Driving Northwest: The 2011 Hyundai Sonata GLS

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by TOM VOELK / KING 5 Car expert

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KING5.com

Posted on September 16, 2010 at 11:23 AM

Automobiles have gained tremendous advantages in the last 10 years but breakout design is generally not one of them.  A GM exec once confided to me during the launch of the current Malibu that the previous model was purposely drawn up plain because focus groups explained they didn’t want to be seen in a car that was too flashy.  He said the data almost made him cry.

Apparently Hyundai didn’t do much consumer testing with the 2001 Sonata.  Like it or loath it, their bold Fluidic Sculpture design theme that debuted with Tucson is a traffic stopper.  For the record I’m on board with it.  The strong swoopy lines certainly recall the “4-door coupe” theme of the Mercedes-Benz CLS.  Parked next to each it’s easy to see where the Hyundai gets its inspiration from.  The phrase “good artists borrow, great artists steal” comes to mind.  That’s not criticism.  Stealing means making something yours and Sonata is at once familiar and fresh.  

Paul Newman was right

The late actor said “good looks might get you in the door but if you can’t do the job you won’t be asked back”.  How true.  Sonata is a mid-sized family sedan competing in the fiercest segment in the US market and for years sales have been dominated by you-know-who, Camry and Accord.  They’re still sales heavyweights but others are challenging them including Korean and American brands waking from their slumber.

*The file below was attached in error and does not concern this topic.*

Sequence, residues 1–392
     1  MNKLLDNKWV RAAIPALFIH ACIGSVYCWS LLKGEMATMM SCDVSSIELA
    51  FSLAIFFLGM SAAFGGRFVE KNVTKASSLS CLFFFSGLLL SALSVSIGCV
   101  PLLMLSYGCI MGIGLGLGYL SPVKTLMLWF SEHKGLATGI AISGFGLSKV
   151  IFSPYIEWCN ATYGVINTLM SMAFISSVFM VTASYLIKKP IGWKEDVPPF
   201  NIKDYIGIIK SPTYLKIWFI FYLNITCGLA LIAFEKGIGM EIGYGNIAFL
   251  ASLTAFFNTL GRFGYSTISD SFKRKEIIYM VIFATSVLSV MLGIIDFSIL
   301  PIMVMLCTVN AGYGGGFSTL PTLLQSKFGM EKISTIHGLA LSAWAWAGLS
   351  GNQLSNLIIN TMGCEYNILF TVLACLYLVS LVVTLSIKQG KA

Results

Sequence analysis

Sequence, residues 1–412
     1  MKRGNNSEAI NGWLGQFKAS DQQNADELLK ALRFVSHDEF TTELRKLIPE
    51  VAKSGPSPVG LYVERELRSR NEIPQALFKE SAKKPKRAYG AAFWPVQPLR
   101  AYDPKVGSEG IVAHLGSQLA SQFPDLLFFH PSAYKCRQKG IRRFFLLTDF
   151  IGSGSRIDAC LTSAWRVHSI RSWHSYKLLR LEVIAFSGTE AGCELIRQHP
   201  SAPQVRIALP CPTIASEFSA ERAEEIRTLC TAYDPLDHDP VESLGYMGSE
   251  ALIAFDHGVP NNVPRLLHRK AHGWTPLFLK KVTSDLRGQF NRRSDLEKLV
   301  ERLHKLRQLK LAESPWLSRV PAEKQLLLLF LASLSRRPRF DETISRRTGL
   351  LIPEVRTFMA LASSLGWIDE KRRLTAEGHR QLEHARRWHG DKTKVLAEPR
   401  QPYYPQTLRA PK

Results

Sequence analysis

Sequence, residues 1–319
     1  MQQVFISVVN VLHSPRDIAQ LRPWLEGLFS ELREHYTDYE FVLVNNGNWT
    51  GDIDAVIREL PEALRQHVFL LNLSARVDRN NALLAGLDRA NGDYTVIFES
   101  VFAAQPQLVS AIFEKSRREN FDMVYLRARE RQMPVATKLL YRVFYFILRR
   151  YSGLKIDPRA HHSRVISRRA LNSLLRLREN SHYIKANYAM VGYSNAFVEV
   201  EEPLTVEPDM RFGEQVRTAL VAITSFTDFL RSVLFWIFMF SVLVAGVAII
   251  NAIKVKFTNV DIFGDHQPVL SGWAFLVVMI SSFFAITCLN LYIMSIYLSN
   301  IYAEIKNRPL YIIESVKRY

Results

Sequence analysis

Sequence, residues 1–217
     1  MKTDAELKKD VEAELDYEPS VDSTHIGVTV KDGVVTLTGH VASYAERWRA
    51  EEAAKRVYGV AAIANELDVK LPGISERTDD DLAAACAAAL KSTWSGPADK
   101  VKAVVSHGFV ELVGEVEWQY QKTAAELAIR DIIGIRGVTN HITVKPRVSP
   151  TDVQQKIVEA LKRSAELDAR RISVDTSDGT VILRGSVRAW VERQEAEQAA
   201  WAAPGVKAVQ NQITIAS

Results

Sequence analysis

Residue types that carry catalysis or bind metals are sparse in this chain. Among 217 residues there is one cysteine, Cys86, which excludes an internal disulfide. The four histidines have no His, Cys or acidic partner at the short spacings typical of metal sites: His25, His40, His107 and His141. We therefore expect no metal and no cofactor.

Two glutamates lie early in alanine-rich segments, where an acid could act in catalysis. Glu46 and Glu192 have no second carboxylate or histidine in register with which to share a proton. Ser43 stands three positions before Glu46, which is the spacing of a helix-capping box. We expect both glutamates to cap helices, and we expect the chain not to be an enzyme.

The previous generation Sonata was certainly no slouch.  Owners crow about the terrific value and that remains with the all-new one (generation 6 if you can believe it).  Prices start at $19,915 with a 6-speed manual transmission.  My GLS tester with 6-speed automatic, optional navigation system and “Preferred Equipment” package stickers for $23,365.  Still a very good deal.  Bluetooth handsfree and iPod integration are not extras, they’re standard. 

You’ll never miss the 6

All Sonatas are powered by 4-cylinder engines.  Dropping the V6 allowed engineers to shave off 150 pounds of structure needed to support a heavier engine.  That and lots of ultra-high strength steel give Sonata the best power-to-weight ratio in its class.  For now all of them are motivated by a 2.4-liter direct-injected unit producing 198 HP.  The 6-speed automatic with manual shift mode is not only smooth and silky it’s Hyundai’s own design.  

A 2.0-liter turbo model packing 274 horsepower and the SE’s firmer suspension will arrive in November.  A hybrid with a total of 209 HP, unique grille and tailamps, and an average fuel economy of 38 MPG is slated for December. 

Afraid the base 4 cylinder is too wimpy?  Don’t be.  With satisfying torque off the line 0-60 briskly happens in around 7.5 seconds.  Ride quality is poised, comfortable and moderately quiet.  EPA rates fuel economy at 22 city, 35 highway, as good as it gets in this class.

Enthusiasts will recognize the electric power steering to be a bit isolated but overall Sonata does a nice job of keeping the general population happy.  Tuning radius is quite good and the anti-lock disk brakes are solid with minimal body dive during panic stops.

There’s style inside too